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It lacks the glamour of Canaveral, but for Cal State students, an engine test stand in the desert beats the classroom. (Chad Slattery)

The Mojave Launch Lab

A community of alternative rocketeers who may one day dominate the space biz.

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(Continued from page 2)

Masten aims to market a low-cost microgravity environment for educational and scientific payloads. Xaero and Xogdor (still in development) promise access above 100,000 feet, without the drawbacks such as survivable ejection from expendable sounding rockets and rough parachute landings. On reusable vehicles like Xombie, the payload stays with the rocket, which soft-lands back on the pad it took off from. “We’ve tried to make them as autonomous as possible,” Masten says. “Computers are much better pilots than humans are.” Guided by GPS and inertial measurement units, vehicles reach Mach 2 before engine shutdown, then coast to their suborbital apogee, or high point. During freefall reentry, engine relight and deceleration occur a dramatic few hundred feet above the launch/landing pad. Xombie is the world’s first vertical-takeoff/vertical-landing vehicle to relight an engine in flight.

Payloads bask in high-quality microgravity up to four minutes. Xaero will offer less gravity than what zero-G aircraft provide, while the higher-reaching Xogdor should deliver microgravity as low as that experienced on the International Space Station.

With a small space startup’s focus on the bottom line, Masten keeps components as third-party as possible. Xombie’s onboard computer is an industrial module common in automotive applications. But I’m unprepared for the off-the-shelf WiFi base station—pretty much what I’ve got at home—that downlinks telemetry from the rocket. During his IT days, Masten engineered a project that beamed WiFi across San Francisco Bay. “You’ll replace that with something more permanent for suborbital flights?” I ask. Masten shakes his head and grins: “We’re gonna try to make it work all the way up. I am not kidding.”

When Apollo astronauts lifted off the moon, they left behind a lot of things besides footprints. Toxic hydrazine fuel contamination was one. Not a problem—nobody was returning soon. But for repeat visits to a lunar or Mars base, Greg Mungas says, “Having a non-toxic propellant will be a big deal.”

A former Jet Propulsion Laboratory engineer, Mungas formed Firestar Technologies and moved to Mojave to make rocket science greener. “We started playing around with the idea of blending fuels with nitrous oxide for deep-space applications,” he says. A research contract from NASA’s Mars Advanced Technology Program resulted in NOFBX, Firestar’s patented mono-propellant.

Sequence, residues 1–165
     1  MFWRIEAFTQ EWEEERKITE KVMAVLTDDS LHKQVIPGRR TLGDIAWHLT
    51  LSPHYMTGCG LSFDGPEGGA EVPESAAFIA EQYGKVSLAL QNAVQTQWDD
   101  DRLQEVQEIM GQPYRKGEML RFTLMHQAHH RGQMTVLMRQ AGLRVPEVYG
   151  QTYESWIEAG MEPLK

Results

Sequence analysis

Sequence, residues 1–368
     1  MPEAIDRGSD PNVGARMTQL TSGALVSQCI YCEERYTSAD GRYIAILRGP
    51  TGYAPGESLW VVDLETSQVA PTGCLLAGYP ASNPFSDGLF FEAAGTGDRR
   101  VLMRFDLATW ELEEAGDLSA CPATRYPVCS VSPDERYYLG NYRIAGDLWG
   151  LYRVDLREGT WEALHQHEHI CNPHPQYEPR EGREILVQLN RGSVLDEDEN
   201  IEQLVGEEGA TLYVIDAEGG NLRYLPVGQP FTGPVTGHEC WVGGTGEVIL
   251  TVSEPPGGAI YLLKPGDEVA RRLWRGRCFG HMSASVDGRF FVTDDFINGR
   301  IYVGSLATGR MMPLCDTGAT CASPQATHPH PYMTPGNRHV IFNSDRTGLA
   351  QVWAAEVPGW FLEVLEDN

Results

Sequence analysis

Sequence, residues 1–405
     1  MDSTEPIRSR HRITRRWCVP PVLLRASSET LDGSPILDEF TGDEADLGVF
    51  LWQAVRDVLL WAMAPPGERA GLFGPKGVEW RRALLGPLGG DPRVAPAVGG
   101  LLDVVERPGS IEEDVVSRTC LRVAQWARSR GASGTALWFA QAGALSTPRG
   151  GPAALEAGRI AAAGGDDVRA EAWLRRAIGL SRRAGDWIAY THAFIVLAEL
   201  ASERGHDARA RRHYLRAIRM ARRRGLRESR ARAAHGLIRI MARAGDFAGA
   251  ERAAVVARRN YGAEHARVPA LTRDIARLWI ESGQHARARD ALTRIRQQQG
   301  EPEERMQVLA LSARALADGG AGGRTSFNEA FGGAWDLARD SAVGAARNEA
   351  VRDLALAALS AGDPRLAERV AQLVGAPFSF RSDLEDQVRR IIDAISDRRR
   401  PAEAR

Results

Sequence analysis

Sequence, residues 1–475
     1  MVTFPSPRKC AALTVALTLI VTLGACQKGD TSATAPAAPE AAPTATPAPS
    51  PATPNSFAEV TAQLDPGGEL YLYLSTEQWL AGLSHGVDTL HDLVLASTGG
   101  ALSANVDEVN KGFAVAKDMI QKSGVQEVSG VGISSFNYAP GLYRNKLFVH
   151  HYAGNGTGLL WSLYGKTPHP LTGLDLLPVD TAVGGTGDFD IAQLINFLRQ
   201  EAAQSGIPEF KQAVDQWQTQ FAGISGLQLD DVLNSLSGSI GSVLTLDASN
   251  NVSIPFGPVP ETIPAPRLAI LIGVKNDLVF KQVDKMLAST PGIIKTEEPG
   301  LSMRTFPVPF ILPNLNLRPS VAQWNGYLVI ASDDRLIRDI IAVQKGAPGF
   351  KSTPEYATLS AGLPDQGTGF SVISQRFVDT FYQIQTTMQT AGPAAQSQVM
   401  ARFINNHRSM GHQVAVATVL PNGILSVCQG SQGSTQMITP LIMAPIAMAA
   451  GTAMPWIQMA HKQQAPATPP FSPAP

“Nitrous oxide just decomposes into oxygen-rich air,” Mungas says. And monopropellants don’t require separate tanks of liquid oxygen. Mungas likens the propellant to “the propane bottle you take on camping trips,” something that fuels the camp stove, lights lanterns, and runs a generator. NOFBX from the tank that fuels a spacecraft’s rockets could also generate onboard electricity and drive turbine-powered equipment on a planet’s surface.

For a contract with the Defense Advanced Research Projects Agency, Firestar developed a NOFBX-fueled piston engine for high-altitude, long-endurance drones. “It’s the unmanned equivalent of the U-2 spyplane,” Mungas says. Piston engines, powering everything from generators to small aircraft, have been modified in-house to run at altitudes with almost no oxygen.

Firestar engineers Ken Doyle and Greg Peters show me around the spaceport test site, north of the runways. “Big bangs happen here all the time,” Doyle says. “You never know whether it’s something at the [Soledad Mountain] gold mine over there or a test in progress.” Firestar’s site includes a 40-foot drop tower to shock-test propellants and a burn pit to cook them. A static stand for 10,000-pound-thrust engines throws fire out toward the scrub. “Depending on the amount of stuff that might explode,” Doyle says, the control room—an air-conditioned, computer-equipped, microwave-linked, steel shipping container—can be transported to safe distances.

Not everything else can. “My cousin’s got an old Firebird up on blocks,” says Greg Peters. “I tell him, ‘Guess what I’ve got up on blocks?’ It’s an 80,000-pound vacuum chamber made by General Dynamics in the 1960s to simulate deep space for satellites.” Mungas, who rescued the behemoth from a San Diego boatyard, is renovating the rare asset. Says Peters: “We can put sand and rocks inside, pump it down to Mars pressure, backfill it with CO2, and essentially create the Mars environment. Right here in Mojave.”

It’s “spaceflight participants,” not “space tourists.” XCOR’s Mike Massee is talking about booking suborbital spins in the Lynx Mk. II rocketplane. Compared to Virgin Galactic’s six-passenger SpaceShipTwo, Lynx is the scrappy two-seater down the block. Last September it completed supersonic wind tunnel tests at NASA’s Marshall Space Flight Center in Alabama. Co-founded by Jeff Greason and several Rotary Rocket alums, XCOR targeted human “participation” from the get-go. The company’s EZ-Rocket is a Rutan Long-EZ homebuilt aircraft modified with twin rockets powered by isopropyl alcohol and liquid oxygen. “We made this just to prove we could make a rocket-powered airplane and fly it,” Massee says. And finding a pilot was EZ—Dick Rutan, Burt’s brother, has more hours in the Long-EZ than anyone. “That’s another cool thing about Mojave,” he says. “You walk a few doors down to your neighbor and say, ‘Hey, wanna fly the world’s first rocket-powered Long-EZ?’ ”

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